However, policy is silent on agencies like the Education Funding Agency. It creates a dearth of clarification regarding pedagogical and teacher education-related issues that impede the teaching and learning of early literacy. It makes no mention of how faculty should be prepared to teach fundamental literacy in a multilingual country. It lacks fundamental reform advocated for revamping the accountability structures of institutions. Instead, it provides school management committees. SMCs already mandated under the RTE act are ineffectual. There is no mechanism, like innovative curricula or extension units, for tier-II or tier-III institutions to decipher the local problems. The importance and responsibility of state governments in conferring education to the masses has not been emphasized.



Conclusion


The dilution of infrastructure as mandated by the act would be a heaven-sent boon for operators of low-cost budget institutions but will need to be accompanied by strong measures to ensure outcomes. It boils down to implementation being crucial for its effectiveness. If introduced in its entirety, has the potential to put India up at par with the world's leading nations. It lays out a propitiously buoyant vision for the future if successive governments can bide true to it. However, for it to be a truly national vision, it would be pertinent for it to be discussed and ratified by the Parliament in a manner, which allows it to stand the test of time. Without parliamentary approval, any such policy remains an executive decision which runs the risk of being arbitrarily overturned by a succeeding government with vacillation in a developing country like India.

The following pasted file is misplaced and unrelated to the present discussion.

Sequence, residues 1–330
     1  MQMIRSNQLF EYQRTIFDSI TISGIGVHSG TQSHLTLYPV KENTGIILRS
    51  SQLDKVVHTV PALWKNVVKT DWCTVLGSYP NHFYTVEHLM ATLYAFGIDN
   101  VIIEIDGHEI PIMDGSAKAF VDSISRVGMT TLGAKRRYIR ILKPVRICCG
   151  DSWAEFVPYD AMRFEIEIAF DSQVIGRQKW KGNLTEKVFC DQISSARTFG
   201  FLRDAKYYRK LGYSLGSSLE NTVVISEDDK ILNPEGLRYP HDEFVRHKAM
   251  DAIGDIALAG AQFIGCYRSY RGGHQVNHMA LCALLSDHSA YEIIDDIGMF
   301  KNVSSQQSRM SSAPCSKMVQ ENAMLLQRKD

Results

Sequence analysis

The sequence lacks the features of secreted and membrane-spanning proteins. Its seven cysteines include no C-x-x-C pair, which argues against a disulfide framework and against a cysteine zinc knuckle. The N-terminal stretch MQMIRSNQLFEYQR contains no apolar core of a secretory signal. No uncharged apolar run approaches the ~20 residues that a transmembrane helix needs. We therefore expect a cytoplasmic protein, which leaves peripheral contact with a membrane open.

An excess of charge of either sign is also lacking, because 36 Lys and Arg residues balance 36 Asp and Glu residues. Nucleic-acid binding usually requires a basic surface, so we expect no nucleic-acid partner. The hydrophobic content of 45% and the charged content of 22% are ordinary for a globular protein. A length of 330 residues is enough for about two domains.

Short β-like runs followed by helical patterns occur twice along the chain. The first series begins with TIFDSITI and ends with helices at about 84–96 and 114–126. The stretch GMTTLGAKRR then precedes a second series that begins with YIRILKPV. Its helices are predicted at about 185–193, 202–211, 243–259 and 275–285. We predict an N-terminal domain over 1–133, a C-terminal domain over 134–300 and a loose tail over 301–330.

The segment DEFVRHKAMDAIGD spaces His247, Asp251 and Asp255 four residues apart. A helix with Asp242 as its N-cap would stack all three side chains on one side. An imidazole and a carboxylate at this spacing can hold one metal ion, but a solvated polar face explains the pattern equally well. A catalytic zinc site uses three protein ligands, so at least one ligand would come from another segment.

References

1. https://indianexpress.com/article/explained/reading-new-education-policy-ind ia-schools-colleges-6531603/

2. https://www.cfr.org/blog/strategic-consequences-indias-covid-19-crisis 3. https://www.thehindu.com/opinion/editorial/a-long-road-the-hindu-editorial-o n-national-education-policy-2020/article32233472.ece

4. https://niepid.nic.in/nep_2020.pdf